Dude, Where's my Great Depression?

Today, the Bureau of Economic Analysis in the Commerce Department released their first estimate (advanced estimate) of the Gross Domestic Product for the 2nd Quarter 2008, at 1.9%. This number was lower than the consensus estimate, which had predicted 2.3% growth for the quarter.

The media talking points for the GDP release were that the number was "disappointing," "worrying," or "surprisingly weak," and pointed to the final revision to the 4th Quarter 2007, which was revised downwards to -0.2%, indicating that the economy did contract during the last quarter of last year (during which the Fed was hastily cutting rates and businesses had reason to put off borrowing until rates went even lower, since it was clear the Fed was going to keep right on lowering rates to assuage the financial sector).

However, as economist Brian Wesbury notes today in his discussion of the GDP data, the BEA's current assessment of the first and second quarters of 2008 show economic expansion at an annual rate of 4.8%. In other words, not only have we not seen another quarter of contraction (which would fit the accepted definition of a recession) but we have seen growth at nearly 5% annualized since that quarter of contraction.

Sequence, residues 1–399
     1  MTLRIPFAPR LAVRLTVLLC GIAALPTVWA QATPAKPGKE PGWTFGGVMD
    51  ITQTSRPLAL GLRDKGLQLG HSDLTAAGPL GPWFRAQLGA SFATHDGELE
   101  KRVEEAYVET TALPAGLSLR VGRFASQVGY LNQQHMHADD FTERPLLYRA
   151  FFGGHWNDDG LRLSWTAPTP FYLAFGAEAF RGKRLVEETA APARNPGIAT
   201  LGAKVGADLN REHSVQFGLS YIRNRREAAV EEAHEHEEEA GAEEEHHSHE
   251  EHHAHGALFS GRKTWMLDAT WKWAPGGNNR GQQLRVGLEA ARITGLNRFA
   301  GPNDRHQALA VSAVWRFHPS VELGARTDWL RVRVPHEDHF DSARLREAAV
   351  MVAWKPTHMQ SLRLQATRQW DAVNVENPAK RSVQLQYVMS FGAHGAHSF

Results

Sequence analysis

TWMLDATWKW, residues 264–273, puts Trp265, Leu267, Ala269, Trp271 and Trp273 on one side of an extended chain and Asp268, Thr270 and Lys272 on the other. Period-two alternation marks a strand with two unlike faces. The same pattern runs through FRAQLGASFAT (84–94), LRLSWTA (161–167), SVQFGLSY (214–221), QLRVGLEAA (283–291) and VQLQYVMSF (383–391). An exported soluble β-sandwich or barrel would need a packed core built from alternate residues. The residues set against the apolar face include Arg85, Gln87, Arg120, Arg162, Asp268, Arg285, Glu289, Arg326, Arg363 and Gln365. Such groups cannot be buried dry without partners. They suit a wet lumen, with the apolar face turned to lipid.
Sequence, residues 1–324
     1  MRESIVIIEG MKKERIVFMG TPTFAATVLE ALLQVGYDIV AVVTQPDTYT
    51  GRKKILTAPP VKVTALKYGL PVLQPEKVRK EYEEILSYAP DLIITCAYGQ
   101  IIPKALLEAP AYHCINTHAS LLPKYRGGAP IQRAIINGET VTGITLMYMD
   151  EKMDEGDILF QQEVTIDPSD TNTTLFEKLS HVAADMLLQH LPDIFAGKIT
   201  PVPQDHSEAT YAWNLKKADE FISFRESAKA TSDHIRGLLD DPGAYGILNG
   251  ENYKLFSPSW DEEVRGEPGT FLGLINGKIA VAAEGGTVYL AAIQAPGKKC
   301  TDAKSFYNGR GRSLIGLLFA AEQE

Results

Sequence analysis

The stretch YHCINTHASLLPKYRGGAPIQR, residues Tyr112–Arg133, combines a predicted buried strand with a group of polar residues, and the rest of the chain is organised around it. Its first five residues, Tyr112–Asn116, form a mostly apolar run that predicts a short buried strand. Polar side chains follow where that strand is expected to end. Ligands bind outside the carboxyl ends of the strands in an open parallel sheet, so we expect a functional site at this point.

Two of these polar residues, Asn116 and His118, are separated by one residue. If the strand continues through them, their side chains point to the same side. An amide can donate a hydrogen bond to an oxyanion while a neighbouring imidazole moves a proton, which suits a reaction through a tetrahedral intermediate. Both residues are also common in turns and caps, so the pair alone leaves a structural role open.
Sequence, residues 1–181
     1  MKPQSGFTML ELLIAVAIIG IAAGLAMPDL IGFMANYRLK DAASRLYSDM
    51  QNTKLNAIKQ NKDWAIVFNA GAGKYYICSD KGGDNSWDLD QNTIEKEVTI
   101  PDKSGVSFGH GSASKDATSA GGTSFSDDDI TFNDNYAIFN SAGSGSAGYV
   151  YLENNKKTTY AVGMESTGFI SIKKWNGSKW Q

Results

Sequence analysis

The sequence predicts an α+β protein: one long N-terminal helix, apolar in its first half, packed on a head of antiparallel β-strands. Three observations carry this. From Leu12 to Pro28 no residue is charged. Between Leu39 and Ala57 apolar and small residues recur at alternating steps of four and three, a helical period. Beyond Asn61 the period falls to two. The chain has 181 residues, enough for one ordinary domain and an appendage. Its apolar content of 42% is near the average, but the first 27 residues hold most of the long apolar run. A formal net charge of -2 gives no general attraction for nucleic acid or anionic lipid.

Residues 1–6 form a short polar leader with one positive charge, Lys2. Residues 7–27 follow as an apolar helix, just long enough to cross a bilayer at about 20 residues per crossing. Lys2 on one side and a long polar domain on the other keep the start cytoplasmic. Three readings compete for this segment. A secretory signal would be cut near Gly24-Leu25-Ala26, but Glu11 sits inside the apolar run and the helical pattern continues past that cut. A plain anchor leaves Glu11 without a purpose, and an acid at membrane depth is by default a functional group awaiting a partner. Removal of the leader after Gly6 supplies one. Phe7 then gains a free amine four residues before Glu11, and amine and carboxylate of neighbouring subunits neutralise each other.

Mr. Wesbury also notes that this advance 2nd Quarter estimate includes the BEA's assumption of massive inventory decline during the quarter, and that further study will probably lead to a significant upward revision in the GDP number by the BEA.

Even without those likely upward revisions, the expansion of nearly 2% in the 2nd Quarter is nowhere near the economic catastrophe that the conventional wisdom has been confidently proclaiming is the worst since the Great Depression, backed by endlessly recycled quotations to that effect in the financial media. In fact, the overall economy is continuing to expand in spite of the housing market aftershocks of the Fed-induced malinvestment in real estate during the period 2003-2006, and the hangover in the financial sector created by massive underwriting of related securities.

We have noted recently that earnings season so far has been generally healthy and beating expectations. A week after that note was published, 348 of the 500 companies in the S&P 500 have reported earnings -- nearly 70% of the companies -- and so far 66% of them have beaten analyst expectations, with 11% meeting expectations and 22% falling short of expectations.

As Mr. Wesbury said in his piece of the GDP figures, "These are nowhere close to recessionary numbers," and we would second that regarding many of the earnings results we have seen so far.

The media will continue to flog the "worst recession since the Great Depression" story for a few more months, but we believe the data showing the real situation is out there for those who know where to look.

For later posts dealing with this same topic, see also:
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